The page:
There have been times when users have reported this issue with Photoshop where the program doesn’t run. Instead, you are left with a message of “Could Not Initialize Photoshop Because the Scratch Disks Are Full”. We here look into this issue and find the solution for it.
What is the scratch disk error?
The error arises because Photoshop is known to use the computer’s RAM to function. Whenever the RAM space gets used up, the computer uses virtual memory to run the program. This is where Photoshop specifies the same as a scratch disk in the PC. And whenever space turns low to allocate data, the app doesn’t initialize and instead shows these scratch disk messages.
How to solve Scratch Disks are Full Issue?
Solution 1: Remove the Temporary Files
- Click on the start button and type Run. Or you can also press Windows Key + R simultaneously.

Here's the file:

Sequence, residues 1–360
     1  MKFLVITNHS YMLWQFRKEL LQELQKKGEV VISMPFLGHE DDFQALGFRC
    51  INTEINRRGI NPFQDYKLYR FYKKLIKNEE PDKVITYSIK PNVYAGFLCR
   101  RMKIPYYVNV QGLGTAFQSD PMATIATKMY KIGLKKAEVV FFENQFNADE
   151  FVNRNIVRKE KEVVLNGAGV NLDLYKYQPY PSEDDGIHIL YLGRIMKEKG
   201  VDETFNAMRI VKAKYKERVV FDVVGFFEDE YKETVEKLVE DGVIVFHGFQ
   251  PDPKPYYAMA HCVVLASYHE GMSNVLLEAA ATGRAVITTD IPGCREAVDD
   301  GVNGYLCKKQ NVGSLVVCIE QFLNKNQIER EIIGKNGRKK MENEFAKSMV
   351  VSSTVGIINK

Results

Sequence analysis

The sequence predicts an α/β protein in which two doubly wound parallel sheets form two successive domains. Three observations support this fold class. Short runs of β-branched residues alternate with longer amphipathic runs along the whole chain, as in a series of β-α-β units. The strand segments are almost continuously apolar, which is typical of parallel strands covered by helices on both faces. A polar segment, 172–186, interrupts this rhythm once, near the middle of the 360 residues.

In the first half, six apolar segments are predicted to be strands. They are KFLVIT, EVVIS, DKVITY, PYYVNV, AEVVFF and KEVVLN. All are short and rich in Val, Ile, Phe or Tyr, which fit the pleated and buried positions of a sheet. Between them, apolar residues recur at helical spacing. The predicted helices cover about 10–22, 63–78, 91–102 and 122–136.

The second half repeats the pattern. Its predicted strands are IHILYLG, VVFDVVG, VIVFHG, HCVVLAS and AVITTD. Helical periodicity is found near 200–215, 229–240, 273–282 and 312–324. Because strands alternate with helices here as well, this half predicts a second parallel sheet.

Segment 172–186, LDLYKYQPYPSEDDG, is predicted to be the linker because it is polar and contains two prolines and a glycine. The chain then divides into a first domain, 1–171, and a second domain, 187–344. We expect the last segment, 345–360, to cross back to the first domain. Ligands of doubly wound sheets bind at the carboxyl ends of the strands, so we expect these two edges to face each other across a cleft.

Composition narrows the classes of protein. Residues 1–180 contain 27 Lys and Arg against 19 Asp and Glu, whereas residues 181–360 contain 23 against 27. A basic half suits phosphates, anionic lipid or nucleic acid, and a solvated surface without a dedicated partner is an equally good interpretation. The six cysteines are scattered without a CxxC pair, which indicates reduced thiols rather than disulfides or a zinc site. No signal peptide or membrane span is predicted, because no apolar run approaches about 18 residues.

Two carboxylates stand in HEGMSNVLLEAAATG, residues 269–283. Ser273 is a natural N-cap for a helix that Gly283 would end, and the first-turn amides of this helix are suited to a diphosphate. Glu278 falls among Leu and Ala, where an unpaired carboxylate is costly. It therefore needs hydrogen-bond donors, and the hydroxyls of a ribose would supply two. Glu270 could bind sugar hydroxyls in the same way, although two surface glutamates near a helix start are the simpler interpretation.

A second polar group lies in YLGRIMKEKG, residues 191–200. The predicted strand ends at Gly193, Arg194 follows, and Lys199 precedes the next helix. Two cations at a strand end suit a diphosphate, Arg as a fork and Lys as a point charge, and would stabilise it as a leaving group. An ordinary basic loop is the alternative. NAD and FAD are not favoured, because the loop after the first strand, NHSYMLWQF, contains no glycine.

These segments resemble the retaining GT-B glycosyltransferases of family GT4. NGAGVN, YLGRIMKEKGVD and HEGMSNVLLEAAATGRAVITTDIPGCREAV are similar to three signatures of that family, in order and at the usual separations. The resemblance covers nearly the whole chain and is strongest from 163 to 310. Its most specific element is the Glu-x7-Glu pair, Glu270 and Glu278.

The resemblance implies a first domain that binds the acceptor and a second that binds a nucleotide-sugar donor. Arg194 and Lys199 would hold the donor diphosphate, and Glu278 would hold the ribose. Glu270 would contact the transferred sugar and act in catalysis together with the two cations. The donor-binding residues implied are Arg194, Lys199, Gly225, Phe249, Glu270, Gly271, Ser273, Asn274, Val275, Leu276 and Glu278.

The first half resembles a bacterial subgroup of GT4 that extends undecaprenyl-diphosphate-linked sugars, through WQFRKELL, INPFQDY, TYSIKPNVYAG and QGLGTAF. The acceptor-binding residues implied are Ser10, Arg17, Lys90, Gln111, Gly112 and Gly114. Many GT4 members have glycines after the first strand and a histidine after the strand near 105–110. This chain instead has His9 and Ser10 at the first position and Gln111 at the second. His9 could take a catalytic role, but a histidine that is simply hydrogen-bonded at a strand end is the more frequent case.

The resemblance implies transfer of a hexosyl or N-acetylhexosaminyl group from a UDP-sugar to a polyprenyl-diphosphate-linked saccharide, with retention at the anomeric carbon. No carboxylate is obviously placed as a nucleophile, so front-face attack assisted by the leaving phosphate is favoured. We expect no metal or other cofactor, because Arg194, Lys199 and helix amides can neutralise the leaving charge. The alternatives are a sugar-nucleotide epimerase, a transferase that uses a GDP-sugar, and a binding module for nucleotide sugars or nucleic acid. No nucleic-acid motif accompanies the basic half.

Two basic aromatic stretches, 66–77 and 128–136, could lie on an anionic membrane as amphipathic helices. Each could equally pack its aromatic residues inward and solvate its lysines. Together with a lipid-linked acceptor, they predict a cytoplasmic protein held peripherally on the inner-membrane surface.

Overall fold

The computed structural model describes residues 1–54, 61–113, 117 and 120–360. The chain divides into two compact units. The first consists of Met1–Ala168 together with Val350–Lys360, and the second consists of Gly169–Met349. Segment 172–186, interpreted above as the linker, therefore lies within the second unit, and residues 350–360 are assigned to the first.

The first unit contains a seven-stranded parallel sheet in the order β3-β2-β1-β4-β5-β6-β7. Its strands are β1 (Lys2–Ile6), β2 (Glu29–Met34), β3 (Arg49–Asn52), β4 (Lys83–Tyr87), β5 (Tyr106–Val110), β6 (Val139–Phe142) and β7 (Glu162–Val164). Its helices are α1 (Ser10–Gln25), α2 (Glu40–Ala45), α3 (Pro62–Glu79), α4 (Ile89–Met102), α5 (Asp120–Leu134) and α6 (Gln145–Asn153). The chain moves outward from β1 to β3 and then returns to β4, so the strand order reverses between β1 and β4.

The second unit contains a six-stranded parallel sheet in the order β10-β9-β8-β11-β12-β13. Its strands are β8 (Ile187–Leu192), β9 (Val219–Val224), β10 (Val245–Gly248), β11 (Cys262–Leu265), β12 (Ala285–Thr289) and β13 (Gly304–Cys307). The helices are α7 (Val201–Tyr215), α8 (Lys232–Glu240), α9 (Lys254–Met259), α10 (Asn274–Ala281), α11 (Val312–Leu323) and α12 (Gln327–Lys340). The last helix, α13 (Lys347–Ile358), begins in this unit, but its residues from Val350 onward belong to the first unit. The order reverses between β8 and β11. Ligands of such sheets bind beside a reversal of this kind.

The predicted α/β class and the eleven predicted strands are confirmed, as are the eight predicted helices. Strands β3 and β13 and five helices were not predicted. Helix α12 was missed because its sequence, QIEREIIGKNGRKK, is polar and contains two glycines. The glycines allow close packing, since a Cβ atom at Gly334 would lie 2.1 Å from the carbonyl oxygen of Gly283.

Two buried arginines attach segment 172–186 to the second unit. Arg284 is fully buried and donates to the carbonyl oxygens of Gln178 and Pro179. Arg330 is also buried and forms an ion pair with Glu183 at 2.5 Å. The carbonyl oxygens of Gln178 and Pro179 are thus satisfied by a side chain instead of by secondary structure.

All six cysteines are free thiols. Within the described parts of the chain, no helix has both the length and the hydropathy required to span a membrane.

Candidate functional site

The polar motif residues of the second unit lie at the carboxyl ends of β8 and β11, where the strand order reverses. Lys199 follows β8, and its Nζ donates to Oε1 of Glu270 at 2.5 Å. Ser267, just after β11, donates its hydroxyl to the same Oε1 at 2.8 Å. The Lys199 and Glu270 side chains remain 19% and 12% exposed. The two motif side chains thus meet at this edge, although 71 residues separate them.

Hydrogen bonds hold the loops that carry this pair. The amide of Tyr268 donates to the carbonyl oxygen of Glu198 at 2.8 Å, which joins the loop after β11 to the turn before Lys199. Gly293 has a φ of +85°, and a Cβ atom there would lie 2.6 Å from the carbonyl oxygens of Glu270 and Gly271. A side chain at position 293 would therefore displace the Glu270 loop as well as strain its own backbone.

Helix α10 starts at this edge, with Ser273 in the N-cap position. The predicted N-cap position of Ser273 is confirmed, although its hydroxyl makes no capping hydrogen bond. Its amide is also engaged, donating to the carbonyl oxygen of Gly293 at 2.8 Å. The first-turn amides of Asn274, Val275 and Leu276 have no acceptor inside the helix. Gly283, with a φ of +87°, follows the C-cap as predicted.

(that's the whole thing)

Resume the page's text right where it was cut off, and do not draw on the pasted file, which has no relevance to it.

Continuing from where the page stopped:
- Once the Run window opens, type in %temp% and press enter
- A new tab with temporary files will open.
- Select all the items and delete the files.
- If any files cannot be deleted, then hit the Skip option once prompted for those files.
Solution 2: Open Photoshop by using Ctrl + Alt keys
- Double click on your Photoshop app and open it.
- Immediately press the buttons Ctrl + Alt when the program is opening.
- This will prompt a dialog box with ‘Scratch Disk Preferences’ to open up.
- Open the Scratch Disk Section and see if the scratch disk location has a free size or not. If not, then change the drive. You can also allocate more than one drive for scratch drive options.
Note: If you do not have any other drives, then you can also partition your drive and make another drive. Once the new drive is created, format it and give it a name. Then select the same as the desired scratch drive location.
Solution 3: Optimize your Hard drive
Another way to resolve the issue is to optimize your hard drive so that the fragmented space can be recovered. Simply right-click on the same and select the option ‘Defragment the drive’. This will defragment and clear the drive of any such contagious and fragmented files.